[In this part of the Chinese version of this piece, the author discusses the characterization in The New York Times’ Chinese translation of Andrew Jacobs’ report of Mark Corallo as having “always” served as Chen’s advisor. The translation of that discussion, which pertains only to The New York Times’ Chinese version of the report, not to the original English report as written by Andrew Jacobs, is provided as a footnote below.]

Another egregious factual error in The New York Times’ report had to do with Chen’s opportunity to join the Witherspoon Institute. The report said: “In an interview, Mr. Fu recounted a conversation …[with] Mr. Chen, he recalled, said he was unbothered by the group’s attacks on abortion and same-sex parenting. ‘He told me: “Don’t call them conservative. They are principled. And if they are willing to support the struggle for freedom, then that’s good enough for me.” ‘ ”

This is a total fabrication. Chen himself never said this and I have never and would never quote such a foolish statement. (In a phone conversation I had on the morning of July 12 with Andrew Jacobs, I told him this. He said he did not have a recording and only had his hastily written notes, adding that he had been up all night interviewing and writing the report. To date, I have not seen his notes.)

In fact, this New York Times report is but the second round of a public opinion offensive to cut off this new work opportunity for Chen. As early as June 2, in an exclusive report in London’s Financial Times, NYU Law Professor Jerome Cohen took the initiative in an unwarranted attack on the Witherspoon Institute (see “Chen Guangcheng courted by US institutions with opposing views,” by David Pilling and Demetri Sevastopulo in Hong Kong In this interview, Professor Cohen boldly and sensationally predicted that “[i]f he takes the Witherspoon position that would diminish his stature in the U.S.”

Actually, this institute is an assemblage of a group of scholars and professors who are well-known not just in the United States but worldwide, including professors from Princeton, Harvard, Yale and other Ivy League universities who work as research fellows. From what I understand, this institute absolutely and unconditionally guarantees Chen’s freedom of speech and academic freedom and any efforts he makes for the sake of human rights in China. It has never demanded that Chen support its views and is even letting him decide where he wants to live. To date, although the institute has been attacked both openly and secretly because of this goodwill, it has never counterattacked.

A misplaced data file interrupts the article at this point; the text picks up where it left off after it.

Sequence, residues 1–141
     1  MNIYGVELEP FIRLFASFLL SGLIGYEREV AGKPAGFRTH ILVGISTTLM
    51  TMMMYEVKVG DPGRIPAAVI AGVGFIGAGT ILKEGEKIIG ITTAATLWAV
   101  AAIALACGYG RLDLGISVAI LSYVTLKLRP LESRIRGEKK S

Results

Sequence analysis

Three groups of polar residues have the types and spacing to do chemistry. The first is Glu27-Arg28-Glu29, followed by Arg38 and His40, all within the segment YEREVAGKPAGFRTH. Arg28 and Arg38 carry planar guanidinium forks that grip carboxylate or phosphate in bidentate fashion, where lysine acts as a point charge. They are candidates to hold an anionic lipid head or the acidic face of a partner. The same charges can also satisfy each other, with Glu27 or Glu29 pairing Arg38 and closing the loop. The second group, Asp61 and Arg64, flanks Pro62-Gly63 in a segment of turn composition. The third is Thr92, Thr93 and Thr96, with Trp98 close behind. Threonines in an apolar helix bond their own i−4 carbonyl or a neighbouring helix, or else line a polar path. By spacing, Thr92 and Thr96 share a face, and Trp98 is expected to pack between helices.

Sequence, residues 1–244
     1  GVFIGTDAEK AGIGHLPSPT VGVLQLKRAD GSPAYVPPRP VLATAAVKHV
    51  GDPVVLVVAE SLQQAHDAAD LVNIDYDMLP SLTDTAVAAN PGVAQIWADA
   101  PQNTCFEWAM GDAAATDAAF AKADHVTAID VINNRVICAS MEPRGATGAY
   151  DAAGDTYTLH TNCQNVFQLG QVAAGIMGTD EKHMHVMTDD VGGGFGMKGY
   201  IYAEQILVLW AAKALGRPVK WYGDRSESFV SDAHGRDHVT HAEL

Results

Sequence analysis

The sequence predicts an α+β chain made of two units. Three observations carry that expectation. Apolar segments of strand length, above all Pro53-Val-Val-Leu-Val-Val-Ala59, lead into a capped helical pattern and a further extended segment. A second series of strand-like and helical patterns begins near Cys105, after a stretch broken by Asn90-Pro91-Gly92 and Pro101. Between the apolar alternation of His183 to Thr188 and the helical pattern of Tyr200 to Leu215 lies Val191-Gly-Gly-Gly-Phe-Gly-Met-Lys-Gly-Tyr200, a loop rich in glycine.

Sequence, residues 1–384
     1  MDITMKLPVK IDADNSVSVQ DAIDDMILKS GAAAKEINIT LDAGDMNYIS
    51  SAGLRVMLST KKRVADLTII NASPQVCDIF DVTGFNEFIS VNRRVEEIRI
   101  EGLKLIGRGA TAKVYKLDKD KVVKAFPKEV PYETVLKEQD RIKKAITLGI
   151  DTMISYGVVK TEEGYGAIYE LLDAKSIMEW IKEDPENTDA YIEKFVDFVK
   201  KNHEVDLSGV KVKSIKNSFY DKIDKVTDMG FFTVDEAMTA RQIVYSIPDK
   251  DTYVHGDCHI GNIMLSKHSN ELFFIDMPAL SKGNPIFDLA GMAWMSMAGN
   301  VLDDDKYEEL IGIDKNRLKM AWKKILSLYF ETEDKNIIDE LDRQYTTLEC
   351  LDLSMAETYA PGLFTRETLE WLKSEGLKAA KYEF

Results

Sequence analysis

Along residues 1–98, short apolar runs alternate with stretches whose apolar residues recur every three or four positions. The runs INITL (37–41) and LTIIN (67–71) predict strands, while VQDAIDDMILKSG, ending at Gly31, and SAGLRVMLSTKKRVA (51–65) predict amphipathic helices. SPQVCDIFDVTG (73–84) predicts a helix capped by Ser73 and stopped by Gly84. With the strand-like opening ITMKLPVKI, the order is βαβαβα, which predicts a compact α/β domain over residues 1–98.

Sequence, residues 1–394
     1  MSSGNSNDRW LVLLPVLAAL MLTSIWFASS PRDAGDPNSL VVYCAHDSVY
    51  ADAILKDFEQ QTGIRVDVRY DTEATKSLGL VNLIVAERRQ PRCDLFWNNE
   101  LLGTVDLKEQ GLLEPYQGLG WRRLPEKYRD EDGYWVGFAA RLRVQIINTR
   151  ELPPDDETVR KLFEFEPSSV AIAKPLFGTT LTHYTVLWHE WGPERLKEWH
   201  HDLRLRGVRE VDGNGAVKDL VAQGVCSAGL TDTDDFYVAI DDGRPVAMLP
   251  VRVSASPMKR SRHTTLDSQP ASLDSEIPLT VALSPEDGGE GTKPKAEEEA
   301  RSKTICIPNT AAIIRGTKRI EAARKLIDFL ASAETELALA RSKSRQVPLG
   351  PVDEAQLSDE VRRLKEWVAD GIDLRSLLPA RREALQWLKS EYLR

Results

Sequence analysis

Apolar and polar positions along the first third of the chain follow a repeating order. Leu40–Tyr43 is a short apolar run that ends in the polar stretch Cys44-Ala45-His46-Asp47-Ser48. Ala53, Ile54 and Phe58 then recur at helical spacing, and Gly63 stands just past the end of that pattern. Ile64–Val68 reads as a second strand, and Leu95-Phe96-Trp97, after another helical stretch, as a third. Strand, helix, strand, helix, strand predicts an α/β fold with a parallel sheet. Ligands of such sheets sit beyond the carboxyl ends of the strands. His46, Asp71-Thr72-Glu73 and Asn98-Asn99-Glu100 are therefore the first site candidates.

I’d like to clarify two other points:

1. Although Andrew Jacobs admitted in our July 12 phone conversation that he knew that NYU had stopped providing a portion of Chen’s fellowship back in October of last year and that by November it had completely stopped paying what it promised for food, daily necessities and clothing, yet he still published this inaccurate report in which he wrote: “Backed by a coterie of conservative figures, Mr. Chen has publicly accused N.Y.U. of bowing to Chinese government pressure and prematurely ending his fellowship this summer. The university says the fellowship was intended to be for only one year.” When I asked him why he reported this lie when he clearly knew that NYU’s “one-year fellowship” had ended in less than half a year, he hesitated and then said that NYU told him it was because Chen had received an advance on his royalties for the book he was writing.

I asked him, if you had won the lottery while you were in school studying on a scholarship, should the school immediately end your scholarship ? He had no answer. It needs to be known that NYU stopped paying for living expenses last year, shortly after Chen Guangcheng went to meet the Speaker of the House and other Congressional leaders, which NYU had not wanted him to do. Furthermore, in May this year, while Chen Guangcheng was in Europe, a former Chinese ambassador to the United States visited the United States and, in a private meeting with the head of a U.S. non-governmental organization that has connections with the Chinese government, he repeatedly asked questions that showed that China already knew that NYU had stopped paying Chen Guangcheng’s fellowship and his family’s living expenses and asked who was sponsoring Chen’s trip to Europe. I’d like to ask: NYU stopped paying all the expenses for food and clothing for Chen’s family beginning in November last year, but Chen Guangcheng did not say anything about this publicly. Even now, there’s been little reporting of this in the mainstream media. So how did the Chinese government get such clear information?